Enter the four-digit year and two-digit month (YYYYMM) for the end of the tax period(s) for which you were required to file your return that correspond(s) to the year(s) for which you are requesting certification (the certification year).
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daveweave2



Joined: 08 Dec 2008

PostPosted: Tue Jul 27, 2010 6:10 pm    Post subject: Residency Certification Reply with quote

[quote="hypnotoad777"][quote="perkxplosion"]My dad is a CPA and I had ran into this same problem during tax season earlier this year. He told me he needed records of my pay stubs. I asked my boss and he said he couldn't provide them and that he had never run into the situation before. It turned out it didn't matter any way. During your first year (possibly more, I'm not sure) you aren't required to show records of your pay. In fact, there are two tax refunds for working below poverty and in a foreign country. My tax return was a little over a thousand dollars thanks to those refunds. Hope this helps a little. I wish I could be more specific but I didn't do the tax work myself.[/quote]

Thanks for the info. But what did you do about the residency certificate? Did you get one of those before you headed over? When you got there? My coordinator through EPIK said that I would need one to avoid double taxation (taxation by the U.S. and Korea). I'm wondering how you got tax refunds without applying for this document....[/quote]

Why do I bother?


Last edited by daveweave2 on Tue Aug 03, 2010 5:44 pm; edited 1 time in total
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JFuller317



Joined: 10 Oct 2008

PostPosted: Tue Jul 27, 2010 10:55 pm    Post subject: Reply with quote

I don't teach privates or do anything outside the contract, not just because I'm afraid of getting caught, but because 8 hours of work is enough for me. BUT, if I did work privates or evening hours at a hagwon, I sure as hell wouldn't report that income. From what I've hard, those places always pay in white envelopes anyway. Nothing to trace, nothing to report.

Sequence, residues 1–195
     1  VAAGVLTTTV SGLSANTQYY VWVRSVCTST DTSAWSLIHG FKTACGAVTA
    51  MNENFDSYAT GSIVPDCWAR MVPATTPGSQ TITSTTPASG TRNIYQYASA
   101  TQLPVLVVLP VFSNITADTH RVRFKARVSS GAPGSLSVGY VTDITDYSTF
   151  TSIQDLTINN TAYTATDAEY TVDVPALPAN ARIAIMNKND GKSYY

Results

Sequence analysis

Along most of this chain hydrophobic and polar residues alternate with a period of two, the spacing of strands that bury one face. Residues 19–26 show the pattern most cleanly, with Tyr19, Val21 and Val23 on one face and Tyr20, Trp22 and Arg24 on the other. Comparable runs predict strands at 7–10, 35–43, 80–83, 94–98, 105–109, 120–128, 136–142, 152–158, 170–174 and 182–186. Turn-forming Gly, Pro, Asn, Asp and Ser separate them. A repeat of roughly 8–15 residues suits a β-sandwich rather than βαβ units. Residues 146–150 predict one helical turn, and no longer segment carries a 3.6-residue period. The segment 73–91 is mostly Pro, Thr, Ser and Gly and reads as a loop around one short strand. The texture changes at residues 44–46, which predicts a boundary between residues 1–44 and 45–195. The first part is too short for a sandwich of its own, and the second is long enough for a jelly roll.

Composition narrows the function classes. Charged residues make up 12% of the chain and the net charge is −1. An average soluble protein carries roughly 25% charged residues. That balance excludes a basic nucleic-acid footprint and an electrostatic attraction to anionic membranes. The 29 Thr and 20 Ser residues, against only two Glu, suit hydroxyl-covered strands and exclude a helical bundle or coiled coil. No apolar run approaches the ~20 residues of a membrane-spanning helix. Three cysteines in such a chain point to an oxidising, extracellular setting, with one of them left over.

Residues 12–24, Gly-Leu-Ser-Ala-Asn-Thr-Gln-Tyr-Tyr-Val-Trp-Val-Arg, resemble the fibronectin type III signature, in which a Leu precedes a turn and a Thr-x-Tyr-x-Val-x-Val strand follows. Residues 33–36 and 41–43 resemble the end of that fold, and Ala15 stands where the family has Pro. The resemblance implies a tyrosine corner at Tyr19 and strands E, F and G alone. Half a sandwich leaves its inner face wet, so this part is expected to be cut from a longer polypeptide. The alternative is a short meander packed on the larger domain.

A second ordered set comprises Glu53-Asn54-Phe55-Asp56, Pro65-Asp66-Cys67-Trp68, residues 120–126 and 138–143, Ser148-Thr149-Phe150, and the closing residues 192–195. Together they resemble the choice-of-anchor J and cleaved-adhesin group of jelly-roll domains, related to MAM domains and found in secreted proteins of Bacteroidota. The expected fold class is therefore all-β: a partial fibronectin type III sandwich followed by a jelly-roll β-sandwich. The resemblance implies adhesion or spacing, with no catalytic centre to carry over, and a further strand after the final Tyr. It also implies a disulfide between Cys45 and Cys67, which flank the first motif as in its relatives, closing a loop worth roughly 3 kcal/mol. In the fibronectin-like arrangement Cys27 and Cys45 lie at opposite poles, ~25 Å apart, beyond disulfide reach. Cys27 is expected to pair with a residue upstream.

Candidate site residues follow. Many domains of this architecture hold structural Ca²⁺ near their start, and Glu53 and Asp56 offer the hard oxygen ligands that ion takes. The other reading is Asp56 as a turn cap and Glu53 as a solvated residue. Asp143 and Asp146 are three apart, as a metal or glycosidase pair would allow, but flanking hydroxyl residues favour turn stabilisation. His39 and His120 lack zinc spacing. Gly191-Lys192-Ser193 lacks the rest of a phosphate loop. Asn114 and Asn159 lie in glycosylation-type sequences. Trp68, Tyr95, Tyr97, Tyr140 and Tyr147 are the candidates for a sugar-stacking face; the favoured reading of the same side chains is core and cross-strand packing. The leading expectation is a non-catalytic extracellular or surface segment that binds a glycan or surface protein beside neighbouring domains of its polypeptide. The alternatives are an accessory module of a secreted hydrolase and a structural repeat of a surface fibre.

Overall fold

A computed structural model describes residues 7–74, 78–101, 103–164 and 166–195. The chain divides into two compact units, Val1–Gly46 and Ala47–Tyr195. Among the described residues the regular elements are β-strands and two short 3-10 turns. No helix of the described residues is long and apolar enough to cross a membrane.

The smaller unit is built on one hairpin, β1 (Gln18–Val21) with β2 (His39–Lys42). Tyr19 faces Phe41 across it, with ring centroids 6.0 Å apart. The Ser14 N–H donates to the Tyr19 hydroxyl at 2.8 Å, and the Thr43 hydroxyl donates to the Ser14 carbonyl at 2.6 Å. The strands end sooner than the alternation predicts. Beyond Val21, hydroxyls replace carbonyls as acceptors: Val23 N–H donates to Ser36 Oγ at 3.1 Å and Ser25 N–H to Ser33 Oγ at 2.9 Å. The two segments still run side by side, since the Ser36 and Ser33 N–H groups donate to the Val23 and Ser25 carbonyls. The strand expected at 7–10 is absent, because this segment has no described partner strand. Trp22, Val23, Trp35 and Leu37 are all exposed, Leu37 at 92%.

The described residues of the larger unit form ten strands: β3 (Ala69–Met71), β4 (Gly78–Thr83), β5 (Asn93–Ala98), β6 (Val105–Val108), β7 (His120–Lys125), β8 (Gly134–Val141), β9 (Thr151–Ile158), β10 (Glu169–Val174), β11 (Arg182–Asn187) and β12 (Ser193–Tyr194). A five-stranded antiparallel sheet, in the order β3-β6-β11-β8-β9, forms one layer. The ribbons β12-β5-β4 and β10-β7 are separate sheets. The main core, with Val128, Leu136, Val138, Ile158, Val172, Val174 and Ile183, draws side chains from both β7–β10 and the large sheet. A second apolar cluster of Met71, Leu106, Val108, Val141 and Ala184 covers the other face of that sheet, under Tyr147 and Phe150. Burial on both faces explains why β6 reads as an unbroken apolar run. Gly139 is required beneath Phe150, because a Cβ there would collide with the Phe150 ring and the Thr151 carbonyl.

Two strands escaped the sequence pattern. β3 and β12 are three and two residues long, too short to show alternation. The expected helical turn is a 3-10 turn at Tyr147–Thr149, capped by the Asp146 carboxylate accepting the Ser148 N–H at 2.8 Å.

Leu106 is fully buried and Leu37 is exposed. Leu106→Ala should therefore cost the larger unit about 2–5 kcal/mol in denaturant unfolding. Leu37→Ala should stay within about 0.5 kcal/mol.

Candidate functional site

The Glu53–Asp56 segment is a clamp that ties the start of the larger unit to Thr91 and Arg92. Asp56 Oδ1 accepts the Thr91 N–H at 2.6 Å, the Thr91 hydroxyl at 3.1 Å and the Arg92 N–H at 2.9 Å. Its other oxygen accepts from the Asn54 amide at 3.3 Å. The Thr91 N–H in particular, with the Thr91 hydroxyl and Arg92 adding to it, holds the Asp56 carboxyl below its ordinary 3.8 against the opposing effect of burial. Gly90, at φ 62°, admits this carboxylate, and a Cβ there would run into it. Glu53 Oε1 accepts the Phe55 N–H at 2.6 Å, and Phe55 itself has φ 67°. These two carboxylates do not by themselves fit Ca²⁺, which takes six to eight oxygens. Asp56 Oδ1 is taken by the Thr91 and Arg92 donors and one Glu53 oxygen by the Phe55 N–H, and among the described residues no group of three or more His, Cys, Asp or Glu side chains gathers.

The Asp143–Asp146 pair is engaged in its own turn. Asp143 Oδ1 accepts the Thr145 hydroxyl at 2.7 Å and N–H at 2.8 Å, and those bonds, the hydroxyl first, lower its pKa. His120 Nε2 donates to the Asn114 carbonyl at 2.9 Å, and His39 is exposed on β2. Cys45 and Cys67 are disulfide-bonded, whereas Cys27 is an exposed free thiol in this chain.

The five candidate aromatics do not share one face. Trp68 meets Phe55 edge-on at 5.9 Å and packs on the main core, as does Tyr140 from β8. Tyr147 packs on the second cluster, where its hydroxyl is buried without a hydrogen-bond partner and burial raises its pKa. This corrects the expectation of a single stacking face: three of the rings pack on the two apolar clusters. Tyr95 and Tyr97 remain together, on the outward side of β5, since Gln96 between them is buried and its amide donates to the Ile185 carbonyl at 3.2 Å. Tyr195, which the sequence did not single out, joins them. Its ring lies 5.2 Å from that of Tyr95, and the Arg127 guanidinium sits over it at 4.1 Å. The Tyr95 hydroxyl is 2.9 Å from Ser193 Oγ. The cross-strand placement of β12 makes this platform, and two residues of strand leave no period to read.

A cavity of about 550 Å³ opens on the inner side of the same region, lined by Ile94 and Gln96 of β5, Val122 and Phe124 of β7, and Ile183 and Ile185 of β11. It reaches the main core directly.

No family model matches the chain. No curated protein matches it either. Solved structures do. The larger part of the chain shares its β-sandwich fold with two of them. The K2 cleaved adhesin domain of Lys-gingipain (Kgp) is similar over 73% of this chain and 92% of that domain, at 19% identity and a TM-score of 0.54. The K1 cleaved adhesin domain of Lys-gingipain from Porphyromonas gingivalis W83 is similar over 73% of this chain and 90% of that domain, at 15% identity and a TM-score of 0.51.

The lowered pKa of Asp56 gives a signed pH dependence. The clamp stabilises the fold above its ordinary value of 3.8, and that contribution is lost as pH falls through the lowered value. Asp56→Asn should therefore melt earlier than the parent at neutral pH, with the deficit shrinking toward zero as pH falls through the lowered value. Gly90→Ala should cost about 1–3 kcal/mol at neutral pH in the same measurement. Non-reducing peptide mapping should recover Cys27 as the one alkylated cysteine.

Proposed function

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naturegirl321



Joined: 18 Jul 2006
Location: Suwon

PostPosted: Wed Jul 28, 2010 3:30 am    Post subject: Re: Residency Certification Reply with quote

daveweave2 wrote:
I have some information for all of you, I obtained it from the Residency Certification division of the IRS (I called them) you have to pay taxes in America or Korea, no choice. If you are a newbie here and filed a tax return in America last year you can get a certification. If you have worked in Korea over two years you are not going to get one, if with your last US tax return you filed the form for exemption of foreign income you will not be able to get the certification.


I beg to differ. I've filed the 2555 since 2003 and I got the tax residency cert. It is NOT a residency cert. It's a tax residency cert. And I sent them a copy of my 2009 2555.

Since my TAX home was the US last year, not Peru, I was given the cert. Thus I don't have to pay Korean taxes. Beucase I can file the 2555 long form, based on the physical presence test, I can get out of MOST American taxes as well. I'll still have to pay for the money I make from my self-employment income since it will be over $400.

BUT all the money I make in Korea is extempt from US and Korean taxes. Read the fine print on the 2555 long form. It's all there in black and white.
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naturegirl321



Joined: 18 Jul 2006
Location: Suwon

PostPosted: Wed Jul 28, 2010 3:32 am    Post subject: Reply with quote

JFuller317 wrote:
I don't teach privates or do anything outside the contract, not just because I'm afraid of getting caught, but because 8 hours of work is enough for me. BUT, if I did work privates or evening hours at a hagwon, I sure as hell wouldn't report that income. From what I've hard, those places always pay in white envelopes anyway. Nothing to trace, nothing to report.


Just a word of warning. I doubt it would happen in Korea, but in the US. There are cases of people getting audited for exactly that. It's because the person paying for the lessons, or whatever, writes it off on their taxes. Then they look and see who received the money and whether or not they reported it on their income.

But, acorrding to statistics I've read somewhere, a good percentage of Americans cheat on their taxes, like a quarter or something like that.
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isitts



Joined: 25 Dec 2008
Location: Korea

PostPosted: Tue Aug 03, 2010 5:13 am    Post subject: Reply with quote

naturegirl321 wrote:
kcweaver wrote:
According to US law, ALL Americans, no matter where they live in the world MUST report their world-wide income to IRS, unless it does not meet a threshold.

If you pass the bona fide residence test or the physical presence test, you are allowed to exempt @ $94,000 from your income. Anything above that you may have to pay taxes.